AKRON-As Bridgestone/Firestone Inc. takes its battle with the United Rubber Workers to a new level by beginning to hire permanent replacements, industry observers say the action could hurt the URW for years to come. For the union, the long-term stakes are high: The traditional pattern bargaining probably will come under fire if Bridgestone/Firestone Inc. succeeds in getting the URW to succumb to its demands or puts a new work force in place under its terms at the three striking tire plants.
Industry sources said that when other tire makers come to the bargaining table, they'll demand terms similar to what BFS is working under.
``No one in the industry can afford to have terms significantly different than their major competitors,'' said Harry Millis, a securities analyst with Fundamental Research Inc. in Cleveland.
Goodyear agreed during master negotiations last year to a contract that it said will raise the cost of wages and benefits for its union labor by 16 percent during the next three years.
Uniroyal Goodrich Tire Co. also came to terms on a similar pact, although it extracted a number of concessions from its three unionized plants in the master contract the prior year.
In addition to these firms, other tire plants organized by the URW but not included in the master process base their contracts on these agreements, so they too will seek similar treatment.
``The union will be put in a very tough spot,'' Mr. Millis said. ``It sets up very difficult and delicate negotiations for the next round.''
Since the strike began July 12, the URW has maintained the Bridgestone Corp. subsidiary has had one goal: to break the union.
The company has made its stance clear: It didn't intend to go along with a pattern that didn't meet its competitive needs.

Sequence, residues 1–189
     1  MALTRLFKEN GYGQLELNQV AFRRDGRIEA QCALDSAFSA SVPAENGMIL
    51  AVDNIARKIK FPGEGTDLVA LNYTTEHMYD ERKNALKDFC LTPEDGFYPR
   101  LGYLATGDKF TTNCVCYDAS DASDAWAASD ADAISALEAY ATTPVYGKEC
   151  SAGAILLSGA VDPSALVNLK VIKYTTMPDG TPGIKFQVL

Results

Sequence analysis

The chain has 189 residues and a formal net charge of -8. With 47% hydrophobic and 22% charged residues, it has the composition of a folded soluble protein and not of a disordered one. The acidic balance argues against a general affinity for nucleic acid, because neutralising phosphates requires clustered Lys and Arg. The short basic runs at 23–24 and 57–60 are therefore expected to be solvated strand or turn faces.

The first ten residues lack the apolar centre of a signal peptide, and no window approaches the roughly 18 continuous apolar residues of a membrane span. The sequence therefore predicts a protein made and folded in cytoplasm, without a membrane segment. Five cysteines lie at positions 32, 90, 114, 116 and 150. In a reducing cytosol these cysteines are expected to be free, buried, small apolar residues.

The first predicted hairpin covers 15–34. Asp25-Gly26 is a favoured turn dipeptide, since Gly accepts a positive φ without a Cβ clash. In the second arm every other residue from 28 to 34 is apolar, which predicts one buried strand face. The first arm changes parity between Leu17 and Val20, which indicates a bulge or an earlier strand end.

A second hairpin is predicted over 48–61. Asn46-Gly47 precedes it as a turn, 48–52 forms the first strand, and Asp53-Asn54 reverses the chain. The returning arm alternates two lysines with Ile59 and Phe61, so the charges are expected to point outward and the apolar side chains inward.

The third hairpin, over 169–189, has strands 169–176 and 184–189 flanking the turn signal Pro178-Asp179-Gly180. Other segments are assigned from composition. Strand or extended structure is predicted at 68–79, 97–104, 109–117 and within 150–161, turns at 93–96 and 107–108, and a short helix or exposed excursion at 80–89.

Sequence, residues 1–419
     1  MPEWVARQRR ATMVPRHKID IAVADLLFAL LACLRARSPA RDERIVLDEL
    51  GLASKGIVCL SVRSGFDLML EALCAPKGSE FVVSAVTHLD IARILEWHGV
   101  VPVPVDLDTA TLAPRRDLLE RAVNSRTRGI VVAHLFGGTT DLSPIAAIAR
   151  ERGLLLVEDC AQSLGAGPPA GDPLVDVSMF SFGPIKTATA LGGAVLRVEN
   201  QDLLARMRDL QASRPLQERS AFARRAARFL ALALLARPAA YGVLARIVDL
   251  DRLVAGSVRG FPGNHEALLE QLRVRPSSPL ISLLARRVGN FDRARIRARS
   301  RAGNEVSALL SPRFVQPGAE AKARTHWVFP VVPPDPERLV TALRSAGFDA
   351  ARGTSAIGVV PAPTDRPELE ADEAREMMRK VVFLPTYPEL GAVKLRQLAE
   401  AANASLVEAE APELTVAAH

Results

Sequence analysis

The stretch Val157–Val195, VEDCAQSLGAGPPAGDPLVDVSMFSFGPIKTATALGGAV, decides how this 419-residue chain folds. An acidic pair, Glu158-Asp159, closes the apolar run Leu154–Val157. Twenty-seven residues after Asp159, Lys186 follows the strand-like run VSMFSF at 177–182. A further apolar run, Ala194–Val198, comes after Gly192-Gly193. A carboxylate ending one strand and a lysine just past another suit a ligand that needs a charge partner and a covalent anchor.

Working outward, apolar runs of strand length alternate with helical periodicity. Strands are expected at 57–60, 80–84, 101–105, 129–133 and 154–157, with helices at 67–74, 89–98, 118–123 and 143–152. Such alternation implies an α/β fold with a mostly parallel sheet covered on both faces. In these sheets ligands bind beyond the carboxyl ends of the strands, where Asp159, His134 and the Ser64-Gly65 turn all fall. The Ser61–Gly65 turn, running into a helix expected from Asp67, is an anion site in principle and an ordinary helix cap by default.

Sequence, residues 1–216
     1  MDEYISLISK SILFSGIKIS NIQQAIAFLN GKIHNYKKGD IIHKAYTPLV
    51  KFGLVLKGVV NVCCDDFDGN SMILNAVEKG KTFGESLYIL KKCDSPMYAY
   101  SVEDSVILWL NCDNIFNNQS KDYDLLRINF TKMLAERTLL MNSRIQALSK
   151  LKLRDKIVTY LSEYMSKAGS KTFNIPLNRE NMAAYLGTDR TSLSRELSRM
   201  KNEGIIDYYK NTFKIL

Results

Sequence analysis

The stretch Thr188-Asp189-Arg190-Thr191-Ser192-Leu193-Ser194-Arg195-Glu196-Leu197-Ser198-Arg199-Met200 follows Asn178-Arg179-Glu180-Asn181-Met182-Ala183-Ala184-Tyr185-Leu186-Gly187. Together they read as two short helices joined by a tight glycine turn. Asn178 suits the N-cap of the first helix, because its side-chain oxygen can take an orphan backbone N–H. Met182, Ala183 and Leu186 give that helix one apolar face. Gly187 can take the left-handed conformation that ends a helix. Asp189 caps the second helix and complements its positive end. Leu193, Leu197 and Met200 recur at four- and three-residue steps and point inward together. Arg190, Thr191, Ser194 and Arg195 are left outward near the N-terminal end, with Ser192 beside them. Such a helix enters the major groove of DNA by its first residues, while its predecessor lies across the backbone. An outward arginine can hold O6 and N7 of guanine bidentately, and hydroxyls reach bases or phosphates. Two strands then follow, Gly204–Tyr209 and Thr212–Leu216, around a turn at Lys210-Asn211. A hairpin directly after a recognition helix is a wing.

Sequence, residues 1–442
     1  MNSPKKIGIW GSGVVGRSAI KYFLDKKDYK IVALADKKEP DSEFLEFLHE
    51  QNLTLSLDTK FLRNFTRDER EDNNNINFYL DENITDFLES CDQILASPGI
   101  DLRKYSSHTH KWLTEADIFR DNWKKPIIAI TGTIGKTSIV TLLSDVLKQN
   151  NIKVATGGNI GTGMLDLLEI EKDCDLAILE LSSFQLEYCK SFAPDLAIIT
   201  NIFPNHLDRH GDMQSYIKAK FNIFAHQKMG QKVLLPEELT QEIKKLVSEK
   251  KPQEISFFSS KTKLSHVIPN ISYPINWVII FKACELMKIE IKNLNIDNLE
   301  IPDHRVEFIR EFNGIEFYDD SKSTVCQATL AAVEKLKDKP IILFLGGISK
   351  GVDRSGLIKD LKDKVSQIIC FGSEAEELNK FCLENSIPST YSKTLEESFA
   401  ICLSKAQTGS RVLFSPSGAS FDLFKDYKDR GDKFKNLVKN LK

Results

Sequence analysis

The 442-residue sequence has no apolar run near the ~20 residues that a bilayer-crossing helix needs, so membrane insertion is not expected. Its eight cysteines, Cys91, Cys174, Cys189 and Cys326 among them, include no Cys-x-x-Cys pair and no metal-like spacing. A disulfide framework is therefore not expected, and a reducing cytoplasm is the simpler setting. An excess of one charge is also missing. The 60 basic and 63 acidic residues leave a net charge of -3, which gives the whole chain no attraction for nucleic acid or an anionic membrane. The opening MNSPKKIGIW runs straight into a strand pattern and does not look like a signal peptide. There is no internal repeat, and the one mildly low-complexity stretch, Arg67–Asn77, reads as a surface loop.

BFS said its cost per tire was as much as $5 higher than its competitors, and it needed to run its tire factories on a continuous basis, with pay increases tied to corresponding improvements in productivity.
But despite the competitive disadvantages the company claims, BFS said its profits still will exceed the $10 million forecast for 1994, even though it acknowledged losing up to $10 million a month at the three striking tire plants.
``We would have had an excellent year without the strike,'' a company spokesman said.
Bridgestone/Firestone appeared prepared for the strike. Its Japanese parent pledged to supply tires as needed. And with seven other tire plants in North America, the firm has seen little effect on its customers, other than in farm tires.
Bridgestone Chairman Yoichiro Kaizaki, who previously headed BFS, seems poised to win this battle as the Japanese firm continues to try to make good on the enormous investment it made with the 1988 purchase of Firestone.
The next step-along with battles in court and at the National Labor Relations Board-will be to see how many strikers cross the line as BFS begins hiring permanent replacements.
Meanwhile, the URW was to have presented a counterproposal to the company, in the presence of a federal mediator, on Jan. 18. This was to be the first such meeting between the two sides since July 10.
Prior to the announcement about hiring permanent replacement workers, the company said 600 URW members had crossed, with 500 of those at Oklahoma City. There, reports indicate the company has boosted output to pre-strike levels.
Replacement workers also are being hired at the striking tire plants in Decatur, Ill., and Des Moines, Iowa, along with the air springs plant in Noblesville, Ind.
``Bridgestone/Firestone is going for total victory,'' Mr. Millis said. ``If they remain in that mode, the workers will have to decide whether to work on the company's terms or let somebody else take their job.''
And while the URW watches Bridgestone/Firestone give its members' jobs away, the union also must focus on continuing contract talks with Pirelli Armstrong Tire Corp., where two plants have been on strike since July 15.
At one point those negotiations too were stalled, but talks resumed Jan. 9 after a week of discussions in December.